[jahsonic.com] - [Next >>]

[<<] 1943 [>>]

Related: 1940s

Births: David Cronenberg - Robert Crumb - Sharon Tate - Larry Clark - Mary Woronov - Soledad Miranda - Steve D'Aquisto - Bo Arne Vibenius - Catherine Deneuve -

Key work of art: Les Yeux du silence - Max Ernst, 1943-1944

D-Day is June 6, 1944

Meshes of the Afternoon (1943) - Maya Deren [...]

    Meshes of the Afternoon is a 1943 short film. It has no plot, only images: a flower on a long driveway, a key falling, a door unlocked, a knife in a loaf of bread, a phone off the hook.

    Maya Deren and Alexander Hammid wrote, directed and starred in the film. The original print had no score. The musical score by Teiji Ito was added in the 1950s. The film has been deemed "culturally significant" by the Library of Congress and selected for preservation in the United States National Film Registry. --http://en.wikipedia.org/wiki/Meshes_of_the_Afternoon [Aug 2004]

LSD [...]

I suddenly became strangely inebriated. The external world became changed as in a dream. Objects appeared to gain inrelief; they assumed unusual dimensions; and colors became more glowing. Even self-perception and the sense of time were changed. When the eyes were closed, colored pictures flashed past in a quickly changing kaleidoscope. After a few hours, the not unpleasant inebriation, which had been experienced whilst I was fully conscious, disappeared. what had caused this condition? - - Albert Hofmann - - Laboratory Notes (1943) [...]

Our Lady of the Flowers (1943) - Jean Genet [...]

    Our Lady of the Flowers (1943) - Jean Genet [Amazon.com]
    Novel by Jean Genet, written while he was in prison for burglary and published in 1944 in French as Notre-Dame des fleurs. The novel and the author were championed by many contemporary writers, including Jean-Paul Sartre and Jean Cocteau, who helped engineer a pardon for Genet. A wildly imaginative fantasy of the Parisian underworld, the novel tells the story of Divine, a male prostitute who consorts with thieves, pimps, murderers, and other criminals and who has many sexual adventures. Written in lyrical, dreamlike prose, the novel affirms a new moral order, one in which criminals are saints, evil is glorified, and conventional taboos are freely violated. --The Merriam-Webster Encyclopedia of Literature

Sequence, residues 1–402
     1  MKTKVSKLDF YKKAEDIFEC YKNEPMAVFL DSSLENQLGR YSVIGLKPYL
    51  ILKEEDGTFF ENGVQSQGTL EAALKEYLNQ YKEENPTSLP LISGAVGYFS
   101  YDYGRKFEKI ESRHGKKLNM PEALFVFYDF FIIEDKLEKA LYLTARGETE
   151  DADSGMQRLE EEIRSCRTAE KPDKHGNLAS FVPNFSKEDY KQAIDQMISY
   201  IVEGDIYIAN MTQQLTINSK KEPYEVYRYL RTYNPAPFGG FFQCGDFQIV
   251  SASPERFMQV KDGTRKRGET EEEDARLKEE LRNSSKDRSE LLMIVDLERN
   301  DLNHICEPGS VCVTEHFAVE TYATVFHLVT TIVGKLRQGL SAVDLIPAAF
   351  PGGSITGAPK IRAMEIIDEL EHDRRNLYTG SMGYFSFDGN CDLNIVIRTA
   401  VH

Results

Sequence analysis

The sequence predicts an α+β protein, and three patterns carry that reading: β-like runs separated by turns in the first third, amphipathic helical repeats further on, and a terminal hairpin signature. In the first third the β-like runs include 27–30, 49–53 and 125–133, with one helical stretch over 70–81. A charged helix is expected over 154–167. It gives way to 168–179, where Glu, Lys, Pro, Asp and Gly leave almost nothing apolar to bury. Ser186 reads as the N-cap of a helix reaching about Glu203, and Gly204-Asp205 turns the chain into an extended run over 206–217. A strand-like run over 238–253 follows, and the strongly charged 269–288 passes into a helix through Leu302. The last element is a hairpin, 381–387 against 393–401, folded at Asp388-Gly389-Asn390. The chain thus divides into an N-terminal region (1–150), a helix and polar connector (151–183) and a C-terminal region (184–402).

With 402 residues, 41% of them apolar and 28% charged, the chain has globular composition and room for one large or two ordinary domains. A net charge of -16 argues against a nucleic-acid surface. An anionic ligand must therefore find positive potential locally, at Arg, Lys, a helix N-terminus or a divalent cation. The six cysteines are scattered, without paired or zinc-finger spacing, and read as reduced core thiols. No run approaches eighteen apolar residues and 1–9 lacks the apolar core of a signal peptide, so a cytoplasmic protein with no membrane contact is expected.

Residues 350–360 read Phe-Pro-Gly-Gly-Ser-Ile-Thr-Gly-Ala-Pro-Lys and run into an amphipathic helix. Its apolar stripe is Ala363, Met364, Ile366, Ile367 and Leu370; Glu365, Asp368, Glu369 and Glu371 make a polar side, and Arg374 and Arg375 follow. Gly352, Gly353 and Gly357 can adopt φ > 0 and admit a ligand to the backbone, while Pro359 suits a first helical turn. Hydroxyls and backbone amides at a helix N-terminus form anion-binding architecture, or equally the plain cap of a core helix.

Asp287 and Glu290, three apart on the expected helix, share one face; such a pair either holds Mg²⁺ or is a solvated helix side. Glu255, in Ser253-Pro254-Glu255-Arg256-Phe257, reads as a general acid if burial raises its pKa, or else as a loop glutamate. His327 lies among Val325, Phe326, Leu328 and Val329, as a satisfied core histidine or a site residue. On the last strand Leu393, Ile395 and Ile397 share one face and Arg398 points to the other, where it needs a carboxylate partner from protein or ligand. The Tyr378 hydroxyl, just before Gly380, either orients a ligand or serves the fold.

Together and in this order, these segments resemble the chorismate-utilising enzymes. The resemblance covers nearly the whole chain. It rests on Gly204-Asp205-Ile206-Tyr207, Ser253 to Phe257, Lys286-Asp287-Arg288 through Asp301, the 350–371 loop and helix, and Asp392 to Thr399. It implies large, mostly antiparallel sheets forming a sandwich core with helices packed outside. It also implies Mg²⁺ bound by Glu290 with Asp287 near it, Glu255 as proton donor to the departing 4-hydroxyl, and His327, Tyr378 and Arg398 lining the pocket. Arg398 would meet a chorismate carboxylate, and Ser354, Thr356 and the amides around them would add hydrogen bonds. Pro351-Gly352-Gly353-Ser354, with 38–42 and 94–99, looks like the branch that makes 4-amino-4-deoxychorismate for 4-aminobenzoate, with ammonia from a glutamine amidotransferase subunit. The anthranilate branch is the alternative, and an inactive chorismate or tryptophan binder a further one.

Being and Nothingness - Jean-Paul Sartre [...]

    Being and Nothingness: A Phenomenological Essay on Ontology - Jean-Paul Sartre [Amazon.com] [FR] [DE] [UK]
    Jean-Paul Sartre, the seminal smarty-pants of mid-century thinking, launched the existentialist fleet with the publication of Being and Nothingness in 1943. Though the book is thick, dense, and unfriendly to careless readers, it is indispensable to those interested in the philosophy of consciousness and free will. Some of his arguments are fallacious, others are unclear, but for the most part Sartre's thoughts penetrate deeply into fundamental philosophical territory. Basing his conception of self-consciousness loosely on Heidegger's "being," Sartre proceeds to sharply delineate between conscious actions ("for themselves") and unconscious ("in themselves"). It is a conscious choice, he claims, to live one's life "authentically" and in a unified fashion, or not--this is the fundamental freedom of our lives. Drawing on history and his own rich imagination for examples, Sartre offers compelling supplements to his more formal arguments. The waiter who detaches himself from his job-role sticks in the reader's memory with greater tenacity than the lengthy discussion of inauthentic life and serves to bring the full force of the argument to life. Even if you're not an angst-addicted poet from North Beach, Being and Nothingness offers you a deep conversation with a brilliant mind--unfortunately, a rare find these days. --Rob Lightner for Amazon.com

I Walked with a Zombie (1943) - Jacques Tourneur

your Amazon recommendations - Jahsonic - early adopter products

Managed Hosting by NG Communications